The oldest amber recovered dates to the Upper Carboniferous period (320 million years ago). Its chemical composition makes it difficult to match the amber to its producers - it is most similar to the resins produced by flowering plants, which did not evolve until the Jurassic, around 180 million years ago. Amber becomes abundant soon afterwards, in the Early Cretaceous, 150 million years ago, when it is found in association with insects. The oldest amber with arthropod inclusions comes from the Middle East from Lebanon and Jordan (Kaddumi, 2007; Azar, 2000). This amber is roughly 133 million years old and is considered of high scientific value. Many remarkable insects and spiders were recently discovered in the amber of Jordan (Kaddumi, 2007) including the oldest zorapterans, clerid beetles, umenocoleid roaches, and achiliid planthoppers.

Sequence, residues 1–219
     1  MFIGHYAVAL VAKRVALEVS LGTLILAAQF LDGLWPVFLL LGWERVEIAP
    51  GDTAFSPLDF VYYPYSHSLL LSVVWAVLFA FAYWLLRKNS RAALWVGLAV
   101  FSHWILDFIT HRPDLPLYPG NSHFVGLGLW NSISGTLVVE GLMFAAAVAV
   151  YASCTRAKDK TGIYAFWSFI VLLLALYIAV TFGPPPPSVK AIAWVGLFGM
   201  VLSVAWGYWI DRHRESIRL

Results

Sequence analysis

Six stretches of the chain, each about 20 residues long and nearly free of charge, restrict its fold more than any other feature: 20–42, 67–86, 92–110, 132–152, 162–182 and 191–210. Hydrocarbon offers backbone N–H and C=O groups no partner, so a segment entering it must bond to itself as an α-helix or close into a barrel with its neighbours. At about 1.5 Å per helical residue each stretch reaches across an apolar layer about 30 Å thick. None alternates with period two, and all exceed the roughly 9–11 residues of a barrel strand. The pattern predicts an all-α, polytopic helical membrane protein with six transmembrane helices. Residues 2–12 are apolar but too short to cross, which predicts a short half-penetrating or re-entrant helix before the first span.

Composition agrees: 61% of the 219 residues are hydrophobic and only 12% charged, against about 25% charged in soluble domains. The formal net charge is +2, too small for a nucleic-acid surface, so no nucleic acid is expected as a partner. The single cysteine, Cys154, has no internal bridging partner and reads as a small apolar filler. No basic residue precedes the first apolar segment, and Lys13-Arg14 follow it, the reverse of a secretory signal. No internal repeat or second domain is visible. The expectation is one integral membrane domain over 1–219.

Like a miniature version of the tar pits of La Brea, resin traps various creatures and objects in it before becoming amber. This piece of amber contains a fairly complete fossil insect. Despite what you saw in the movie Jurassic Park, extracting DNA from amber fossils is not routinely, or even occasionally successful. So although amber specimens contain some amazing fossils, they are not good examples of pristine preservation. Insects were the first creatures to take to the air, and their rare fossils date back to the Devonian, about 400 million years ago. The unusually good Wikipedia article on insect evolution suggests that the first winged insects arose with the first forests, which would make their association with amber even more intimate.
Although the new amber didna’t yield bizarre new species, it/’s still loaded with fossil treasures. More than 700 insect species representing 55 families of insects have been identified inside. Among them are ancient bees, termites and ants a— highly social insects that form some of the worldm’s most complex societies.